Posted by: Richard Marshall | June 21, 2013




My first trip out of Shanghai was to Huangshan, or Yellow Mountain, in Anhui province. Some friends of mine – Mike, Sam, Kent and Rob – and I took the overnight train to Tunxi from Shanghai. The train was pretty comfortable and we had a few beers which helped me sleep but left me a little weary when we finally arrived. From Tunxi we had to catch a minibus to Tangkou at the foot of the mountain where we had a quick breakfast. We then took a bus some way up the mountain to the cable which would take us to the top. The cable car was spectacular. It was a misty day and the clouds swirled around the granite peaks and the pines. It was the very beginning of spring so the first magnolias were beginning to flower too. There were obviously lots of them and in a few weeks there would have been great banks of white flowers, but in early April it was just the occasional splash of white against the mountainside. Once had the top, we had to wander a little along the network of paths before we found our hostel. Everything on the mountain had to be hauled up on foot so food and accommodation was much pricier than down below but it was still worth it to be at the top. I went for a walk on my own in the afternoon but could hardly see anything through the mist. The next morning we all got up early to see the sunrise. As it was still dark and clearly very misty when we got outside I almost went back to bed, but Rob and Kent were enthusiastic so with some reluctance I followed them on sometimes precipitous paths to the highest point on the mountain. At the top a cold wind was howling, but after a while the mist lifted to reveal a wonderful view. I couldn’t believe I had almost missed it. The weather continued to improve and later Mike and I walked the same path I had done the day before, but this time with amazing views of a canyon and the mountains.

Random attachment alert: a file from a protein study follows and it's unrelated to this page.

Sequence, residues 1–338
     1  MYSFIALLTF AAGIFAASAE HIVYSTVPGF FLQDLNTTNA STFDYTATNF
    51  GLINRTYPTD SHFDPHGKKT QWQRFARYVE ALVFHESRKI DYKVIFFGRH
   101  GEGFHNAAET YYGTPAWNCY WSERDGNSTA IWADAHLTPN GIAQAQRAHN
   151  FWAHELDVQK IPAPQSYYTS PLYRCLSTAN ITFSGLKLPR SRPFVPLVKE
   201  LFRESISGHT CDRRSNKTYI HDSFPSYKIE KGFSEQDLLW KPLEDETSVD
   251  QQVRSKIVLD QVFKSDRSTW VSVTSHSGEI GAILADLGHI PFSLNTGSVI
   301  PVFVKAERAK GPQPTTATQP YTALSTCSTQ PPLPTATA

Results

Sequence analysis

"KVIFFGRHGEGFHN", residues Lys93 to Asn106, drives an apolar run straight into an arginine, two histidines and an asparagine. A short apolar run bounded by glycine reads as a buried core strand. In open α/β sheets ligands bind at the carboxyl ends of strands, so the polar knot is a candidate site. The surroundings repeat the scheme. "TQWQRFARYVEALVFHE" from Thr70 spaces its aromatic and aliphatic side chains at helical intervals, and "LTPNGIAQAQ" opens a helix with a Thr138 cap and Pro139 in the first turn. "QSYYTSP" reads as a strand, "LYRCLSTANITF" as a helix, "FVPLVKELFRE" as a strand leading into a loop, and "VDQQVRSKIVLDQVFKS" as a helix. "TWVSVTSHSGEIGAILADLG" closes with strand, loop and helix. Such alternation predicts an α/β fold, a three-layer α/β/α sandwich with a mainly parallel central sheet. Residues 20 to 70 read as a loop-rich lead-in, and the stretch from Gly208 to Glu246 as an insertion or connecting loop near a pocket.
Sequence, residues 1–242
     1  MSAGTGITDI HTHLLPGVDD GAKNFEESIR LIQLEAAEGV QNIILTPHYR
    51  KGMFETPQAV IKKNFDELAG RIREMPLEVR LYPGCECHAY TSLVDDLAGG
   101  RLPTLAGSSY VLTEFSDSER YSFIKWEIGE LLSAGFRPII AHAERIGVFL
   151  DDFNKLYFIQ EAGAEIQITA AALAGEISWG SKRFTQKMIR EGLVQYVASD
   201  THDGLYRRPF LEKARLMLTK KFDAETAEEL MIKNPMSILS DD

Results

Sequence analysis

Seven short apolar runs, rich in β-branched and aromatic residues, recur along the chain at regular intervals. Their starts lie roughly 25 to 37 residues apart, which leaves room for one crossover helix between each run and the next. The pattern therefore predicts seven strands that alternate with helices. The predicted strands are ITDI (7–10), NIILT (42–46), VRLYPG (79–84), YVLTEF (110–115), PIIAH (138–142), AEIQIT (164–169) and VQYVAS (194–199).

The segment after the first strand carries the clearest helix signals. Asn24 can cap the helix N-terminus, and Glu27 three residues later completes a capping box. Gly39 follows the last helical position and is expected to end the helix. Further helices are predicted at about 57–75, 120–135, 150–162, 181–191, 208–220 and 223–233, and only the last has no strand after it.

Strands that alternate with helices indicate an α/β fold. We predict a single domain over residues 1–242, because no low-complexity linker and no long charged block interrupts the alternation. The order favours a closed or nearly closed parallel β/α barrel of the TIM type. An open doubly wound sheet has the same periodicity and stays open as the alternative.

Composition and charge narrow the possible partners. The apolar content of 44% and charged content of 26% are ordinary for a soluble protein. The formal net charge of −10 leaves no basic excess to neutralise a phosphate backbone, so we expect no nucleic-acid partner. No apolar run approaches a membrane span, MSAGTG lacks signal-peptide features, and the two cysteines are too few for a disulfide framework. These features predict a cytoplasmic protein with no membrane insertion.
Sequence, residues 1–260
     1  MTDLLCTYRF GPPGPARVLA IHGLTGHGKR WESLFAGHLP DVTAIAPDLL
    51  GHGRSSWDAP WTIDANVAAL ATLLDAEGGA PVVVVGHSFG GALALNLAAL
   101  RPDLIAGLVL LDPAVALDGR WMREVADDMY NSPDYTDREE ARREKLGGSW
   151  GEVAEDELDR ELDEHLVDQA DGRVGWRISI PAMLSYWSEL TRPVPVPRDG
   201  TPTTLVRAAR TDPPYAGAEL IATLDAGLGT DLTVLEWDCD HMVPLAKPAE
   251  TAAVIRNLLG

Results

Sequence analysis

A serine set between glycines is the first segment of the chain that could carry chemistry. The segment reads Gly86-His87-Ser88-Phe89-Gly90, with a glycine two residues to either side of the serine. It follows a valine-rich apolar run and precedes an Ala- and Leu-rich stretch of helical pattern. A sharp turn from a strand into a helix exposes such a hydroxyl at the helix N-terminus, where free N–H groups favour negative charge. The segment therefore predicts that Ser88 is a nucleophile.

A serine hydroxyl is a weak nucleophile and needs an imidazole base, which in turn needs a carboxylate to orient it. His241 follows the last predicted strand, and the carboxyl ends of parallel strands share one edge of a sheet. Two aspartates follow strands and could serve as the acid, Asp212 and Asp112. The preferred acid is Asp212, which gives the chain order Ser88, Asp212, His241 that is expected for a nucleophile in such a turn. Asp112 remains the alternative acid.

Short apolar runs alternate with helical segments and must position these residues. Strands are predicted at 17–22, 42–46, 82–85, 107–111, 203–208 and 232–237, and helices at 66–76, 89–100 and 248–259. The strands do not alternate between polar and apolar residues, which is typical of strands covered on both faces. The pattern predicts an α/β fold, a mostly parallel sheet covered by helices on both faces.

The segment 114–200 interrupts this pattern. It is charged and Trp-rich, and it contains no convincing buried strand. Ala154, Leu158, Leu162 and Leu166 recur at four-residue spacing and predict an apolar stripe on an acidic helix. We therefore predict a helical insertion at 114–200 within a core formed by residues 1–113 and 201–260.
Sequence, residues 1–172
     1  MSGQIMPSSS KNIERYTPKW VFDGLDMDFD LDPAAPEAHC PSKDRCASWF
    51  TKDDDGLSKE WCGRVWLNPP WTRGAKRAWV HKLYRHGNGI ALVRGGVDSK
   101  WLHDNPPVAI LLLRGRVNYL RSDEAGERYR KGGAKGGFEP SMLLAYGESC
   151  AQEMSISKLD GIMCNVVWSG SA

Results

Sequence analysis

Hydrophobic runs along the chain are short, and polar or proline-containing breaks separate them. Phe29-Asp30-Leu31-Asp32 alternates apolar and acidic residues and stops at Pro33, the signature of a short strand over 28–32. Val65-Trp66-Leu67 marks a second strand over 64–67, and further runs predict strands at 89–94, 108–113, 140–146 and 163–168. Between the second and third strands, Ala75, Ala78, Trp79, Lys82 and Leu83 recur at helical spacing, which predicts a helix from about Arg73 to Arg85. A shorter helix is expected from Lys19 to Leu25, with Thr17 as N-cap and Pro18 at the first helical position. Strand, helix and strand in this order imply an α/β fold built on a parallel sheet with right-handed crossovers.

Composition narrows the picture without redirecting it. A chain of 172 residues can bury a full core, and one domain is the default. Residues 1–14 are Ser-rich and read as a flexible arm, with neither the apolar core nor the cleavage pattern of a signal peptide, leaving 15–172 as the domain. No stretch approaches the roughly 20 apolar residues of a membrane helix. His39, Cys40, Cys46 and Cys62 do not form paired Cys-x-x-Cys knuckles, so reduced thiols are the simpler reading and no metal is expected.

Mike is a great photographer and took some awesome photos:

landscape 2



Misty mountains

mountain top

The top of the mountain

Mike had return that evening so he, Sam and I headed back down that afternoon. Mike caught the train but Sam and I were staying another day so found a cheap hotel at the foot of the mountain. I was vaguely aware that there were some historic towns in the area but I hadn’t done my homework – I know now that in fact there are two World Heritage Sites – Hongcun and Xidi. Sam and I were unable to find these. We went to the bus station not knowing where to go, got on a random bus on the recommendation of another tourist, and were dropped off at a roadside fuel station which seemed to have no access to the surrounding countryside. Eventually though a security guard let us through a gate in the wall and we started walking through the rapeseed fields to Chengkan. Chengkan turned out be one of the less popular, less extensively restored and less crowded of the old villages in the area, and absolutely charming. It was one of the first warm days I had experienced in China and with the flowering rapeseed in the fields and wisteria in the village it really felt as if spring had come at last. Sam and I wandered through the quiet lanes of the town and even had a rest on the grass by the water. Thank Sam for taking this great photo!

me cheng kan

Cheng Kan

street 1


After a few hours we caught a bus to take us back to Tunxi, and the train. In fact we had to take several buses and I was beginning to get frustrated by the end. But driving through rural Anhui in spring was actually one of the most enjoyable moments of the trip – it was a great contrast to the grey, urban jungle of Shanghai. We had a fairly horrible meal and caught our train back where we still had the rest of the day to recover before heading back to work. The countryside was lovely and it was exciting to finally venture beyond Shanghai.


  1. Hey Rich, awesome post! How cool to stay on top of a mountain! I never got to see rural China, it looks beautiful.
    xox T

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